Sudhir speaks with NCPC’s Kelsey Tokar about the role respect plays within gang culture, and the value of building a trusting community, even in the toughest of times.
The story of the young sociologist who studied a Chicago crack-dealing gang from the inside captured the world's attention when it was first described in Freakonomics. Gang Leader for a Day is the fascinating full story of how Sudhir Venkatesh managed to gain entrance into the gang, what he learned, and how his method revolutionized the academic establishment.
When Venkatesh walked into an abandoned building in one of Chicago's most notorious housing projects, he was looking for people to take a multiple-choice survey on urban poverty. A first-year grad student hoping to impress his professors with his boldness, he never imagined that as a result of the assignment he would befriend a gang leader named JT and spend the better part of a decade inside the projects under JT's protection, documenting what he saw there.
Over the next seven years, Venkatesh got to know the neighborhood dealers, crackheads, squatters, prostitutes, pimps, activists, cops, organizers, and officials. From his privileged position of unprecedented access, he observed JT and the rest of the gang as they operated their crack-selling business, conducted PR within their community, and rose up or fell within the ranks of the gang's complex organizational structure.
In Hollywood-speak, Gang Leader for a Day is The Wire meets Harvard University. It's a brazen, page turning, and fundamentally honest view into the morally ambiguous, highly intricate, often corrupt struggle to survive in what is tantamount to an urban war zone. It is also the story of a complicated friendship between Sudhir and JT-two young and ambitious men a universe apart.
Biography – Sudhir Venkatesh is William B. Ransford Professor of Sociology at Columbia University in the City of New York. He is a researcher and writer on urban neighborhoods in the United States (New York, Chicago) and Paris, France. His most recent book is Gang Leader for a Day (Penguin Press). Gang Leader received a Best Book award from The Economist, and is currently being translated into Chinese, Korean, Japanese, German, Italian, Polish, French and Portuguese. His previous work, Off the Books: The Underground Economy of the Urban Poor (Harvard University Press, 2006) about illegal economies in Chicago, received a Best Book Award from Slate.Com (2006) as well as the C. Wright Mills Award (2007). His first book, American Project: The Rise and Fall of a Modern Ghetto (2000) explored life in Chicago public housing. His other writings and stories have appeared in The American Prospect, This American Life, and The Chicago Tribune, and he is a frequent commentator on National Public Radio.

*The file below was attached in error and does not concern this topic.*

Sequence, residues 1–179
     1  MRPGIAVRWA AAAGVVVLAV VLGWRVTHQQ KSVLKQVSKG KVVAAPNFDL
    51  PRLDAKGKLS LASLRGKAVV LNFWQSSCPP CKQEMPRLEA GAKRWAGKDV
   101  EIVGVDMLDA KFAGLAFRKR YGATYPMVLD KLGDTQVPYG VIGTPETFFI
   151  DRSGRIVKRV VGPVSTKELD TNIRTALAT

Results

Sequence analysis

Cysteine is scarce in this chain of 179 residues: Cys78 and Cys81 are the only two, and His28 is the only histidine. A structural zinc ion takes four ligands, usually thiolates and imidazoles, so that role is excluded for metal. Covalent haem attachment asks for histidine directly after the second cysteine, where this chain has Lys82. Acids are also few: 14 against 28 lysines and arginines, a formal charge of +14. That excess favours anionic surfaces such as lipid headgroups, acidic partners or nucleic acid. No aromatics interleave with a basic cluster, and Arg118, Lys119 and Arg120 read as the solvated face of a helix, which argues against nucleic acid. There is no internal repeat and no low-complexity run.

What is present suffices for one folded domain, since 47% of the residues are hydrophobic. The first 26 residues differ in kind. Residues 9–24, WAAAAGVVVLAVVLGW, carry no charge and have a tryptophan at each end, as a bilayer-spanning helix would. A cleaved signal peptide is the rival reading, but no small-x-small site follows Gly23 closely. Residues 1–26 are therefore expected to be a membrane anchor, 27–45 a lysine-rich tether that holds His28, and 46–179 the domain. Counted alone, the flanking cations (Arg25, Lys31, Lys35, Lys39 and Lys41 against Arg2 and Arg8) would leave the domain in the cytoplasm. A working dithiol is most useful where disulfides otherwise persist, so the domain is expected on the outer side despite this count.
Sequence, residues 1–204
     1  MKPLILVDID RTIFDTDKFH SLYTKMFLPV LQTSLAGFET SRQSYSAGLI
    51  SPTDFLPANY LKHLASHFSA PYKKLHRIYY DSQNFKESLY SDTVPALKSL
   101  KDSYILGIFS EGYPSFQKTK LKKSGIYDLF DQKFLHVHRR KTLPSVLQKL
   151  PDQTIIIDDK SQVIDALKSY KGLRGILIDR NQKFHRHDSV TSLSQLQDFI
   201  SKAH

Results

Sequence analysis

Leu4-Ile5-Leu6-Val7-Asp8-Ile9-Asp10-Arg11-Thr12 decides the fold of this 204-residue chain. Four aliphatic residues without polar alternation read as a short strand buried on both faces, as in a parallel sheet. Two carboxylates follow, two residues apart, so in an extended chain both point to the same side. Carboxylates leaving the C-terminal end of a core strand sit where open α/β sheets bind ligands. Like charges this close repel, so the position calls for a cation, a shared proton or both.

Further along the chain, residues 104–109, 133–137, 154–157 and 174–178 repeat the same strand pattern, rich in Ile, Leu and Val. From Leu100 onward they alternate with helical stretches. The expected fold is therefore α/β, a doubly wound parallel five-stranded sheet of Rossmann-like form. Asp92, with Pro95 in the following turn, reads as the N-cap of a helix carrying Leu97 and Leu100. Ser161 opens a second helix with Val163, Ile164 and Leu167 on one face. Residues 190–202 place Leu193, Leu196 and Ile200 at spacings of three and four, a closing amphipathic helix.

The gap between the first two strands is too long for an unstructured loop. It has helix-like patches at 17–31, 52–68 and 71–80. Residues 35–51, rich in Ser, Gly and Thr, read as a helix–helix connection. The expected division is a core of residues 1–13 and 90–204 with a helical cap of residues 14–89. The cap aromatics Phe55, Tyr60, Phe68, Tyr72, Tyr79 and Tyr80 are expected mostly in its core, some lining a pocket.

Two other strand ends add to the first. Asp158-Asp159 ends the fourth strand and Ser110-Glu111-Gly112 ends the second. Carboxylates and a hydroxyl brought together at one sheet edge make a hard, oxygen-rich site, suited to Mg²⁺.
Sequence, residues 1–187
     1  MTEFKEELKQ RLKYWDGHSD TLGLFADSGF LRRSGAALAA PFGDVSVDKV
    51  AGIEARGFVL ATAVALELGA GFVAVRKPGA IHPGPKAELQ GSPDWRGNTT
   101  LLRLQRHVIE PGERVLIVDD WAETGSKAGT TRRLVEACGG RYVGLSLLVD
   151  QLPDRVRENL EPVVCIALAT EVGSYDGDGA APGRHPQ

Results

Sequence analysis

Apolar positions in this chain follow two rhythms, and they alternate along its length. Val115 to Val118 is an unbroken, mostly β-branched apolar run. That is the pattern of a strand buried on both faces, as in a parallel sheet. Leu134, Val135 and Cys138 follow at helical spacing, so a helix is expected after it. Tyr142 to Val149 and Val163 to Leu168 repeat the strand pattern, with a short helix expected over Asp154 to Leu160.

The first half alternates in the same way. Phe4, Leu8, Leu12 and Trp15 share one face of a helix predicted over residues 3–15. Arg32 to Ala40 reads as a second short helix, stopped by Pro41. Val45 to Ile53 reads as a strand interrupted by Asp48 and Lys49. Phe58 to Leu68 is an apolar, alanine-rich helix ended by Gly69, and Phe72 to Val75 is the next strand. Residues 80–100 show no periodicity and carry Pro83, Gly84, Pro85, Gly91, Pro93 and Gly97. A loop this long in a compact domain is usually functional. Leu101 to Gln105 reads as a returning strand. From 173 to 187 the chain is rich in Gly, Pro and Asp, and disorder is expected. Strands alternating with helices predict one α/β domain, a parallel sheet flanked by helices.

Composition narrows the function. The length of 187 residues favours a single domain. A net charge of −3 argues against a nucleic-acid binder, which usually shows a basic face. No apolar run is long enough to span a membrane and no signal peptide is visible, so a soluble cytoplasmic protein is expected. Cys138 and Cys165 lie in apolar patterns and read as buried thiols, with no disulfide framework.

Other ongoing research projects include a study of immigration and settlement in the suburbs of Paris, an in-depth study of re-entry among the formerly incarcerated in New York, and a long-term project on sex work in New York and Chicago with the economist (and Freakonomics author) Steven Levitt. His next book, under contract with Penguin Press, will focus on the role of the black market in the revitalization of New York in the last decade.
Venkatesh has produced several documentaries. The documentary film, Dislocation, follows families as they relocate from condemned public housing developments. The documentary aired on PBS in 2005. He directed and produced a three-part award winning documentary on the history of public housing for NPR. He has currently finished At the Top of My Voice, a documentary film on a scholar and artist who return to the ex-Soviet republic of Georgia to promote democracy and safeguard human rights.
Venkatesh received his Ph.D. in Sociology from the University of Chicago. He was a Junior Fellow at the Society of Fellows, Harvard University from 1996-1999. He is currently Director of the Institute for Social and Economic Research and Policy, and Director of the Charles H. Revson Fellowship Program, both at Columbia University.
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